A vote counts the same, no matter the voter’s intensity. It is especially important not to forget those low-turnout elections like local races, party primaries, and the midterm elections happening right now, when your vote really does count for more, because it is one of a smaller number. Get informed, get involved, and vote. Then, get on with life. A vote will still count the same whether the voter obsesses about it or not. You voted. You did your civic duty. Time to get on with life.

Lesson #3: Strategize

It is a truism of effective campaigning, and effective lobbying, to identify those who are undecided and target the message to them. In the case of voters, there are really two groups of undecideds: those who have not yet decided whether or not they are going to vote, and those who have not yet decided for whom they are going to vote. Appeals directed at anyone else are a waste of time. When a candidate is campaigning, she is either getting out the vote, or persuading voters. Period. There is nothing else to do. Patting supporters on the back is smug and self-righteous. Ranting at your opponent is a waste of time, unless doing so motivates your base or persuades undecideds, which it often does not.

Take political action, but take smart political action. That starts with identifying what you want to get done, and then identifying those who are undecided or inactive, and either persuading them, getting them to be active, or both. Neither preaching to the choir nor ranting and raving is time well spent. Take a nap or go for a walk instead.

Lobbying is the same way, as is legislative leadership. It begins by identifying the strong supporters, the strong opponents, and the undecideds. Then comes the time for political action: smart political action. There is no other kind. If it is not precisely targeted, then don’t bother.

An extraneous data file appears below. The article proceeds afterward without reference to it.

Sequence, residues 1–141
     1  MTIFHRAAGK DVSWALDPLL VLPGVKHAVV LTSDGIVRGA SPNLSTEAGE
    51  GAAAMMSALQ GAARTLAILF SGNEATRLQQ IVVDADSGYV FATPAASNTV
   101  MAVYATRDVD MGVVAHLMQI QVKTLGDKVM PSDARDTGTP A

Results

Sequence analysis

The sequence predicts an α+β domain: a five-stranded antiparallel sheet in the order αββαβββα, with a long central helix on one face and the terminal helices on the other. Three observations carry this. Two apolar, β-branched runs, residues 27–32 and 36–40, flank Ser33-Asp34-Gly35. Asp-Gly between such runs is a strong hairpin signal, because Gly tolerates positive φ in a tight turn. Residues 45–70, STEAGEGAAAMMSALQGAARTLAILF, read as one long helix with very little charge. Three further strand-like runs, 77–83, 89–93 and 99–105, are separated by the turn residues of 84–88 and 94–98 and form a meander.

Lesson #4: Look at the Big Picture

President Donald Trump won the state of Kansas, where I teach, by a comfortable 20 points. However, this does not mean Kansans endorse the more disturbing aspects of his unusual political campaign, and now his presidency. I consult for a poll called Kansas Speaks, run by the Docking Institute at Fort Hays State University. Our pre-election, 2016 data was very clear. In this heavily Republican state, Kansans did not like Donald Trump, rating him very low on two particular categories: trustworthiness, and understanding people like me. How did he win here? Simple. Besides not having the Republican label, Hillary Clinton was also rated even lower by the voters on these same categories. Many political scientists, such as me, seriously underestimated Hillary Clinton‘s personal unpopularity with voters. However, this does not mean that the American people gave Donald Trump a sweeping endorsement of his more-disturbing campaign promises. It is important to look at the big picture. The midterm elections going on right now will tell another important part of the story: one which is ever-evolving.

Lesson #5: FDR was Right

The only thing we have to fear is fear itself. Indeed.

Political and social scientists are quick to point out that much of our time spent in fear is wasted time. Human beings have evolved in such a way as to become particularly concerned with so-called “focusing events” in which a lot of destruction happens in a single space, particularly a one which can be shot on video. The recent massacre at a  Pittsburgh synagogue is a case in point. It was a horrible tragedy, in which 11 people, including a Holocaust survivor, lost their lives to murder. The coming together of the people of Pittsburgh and across the nation has been heartwarming, and it should continue. This coming Saturday has been declared a special day, in which non-Jews are encouraged to attend synagogue to learn about the Jewish faith and show solidarity with our Jewish brothers and sisters. What a great cause!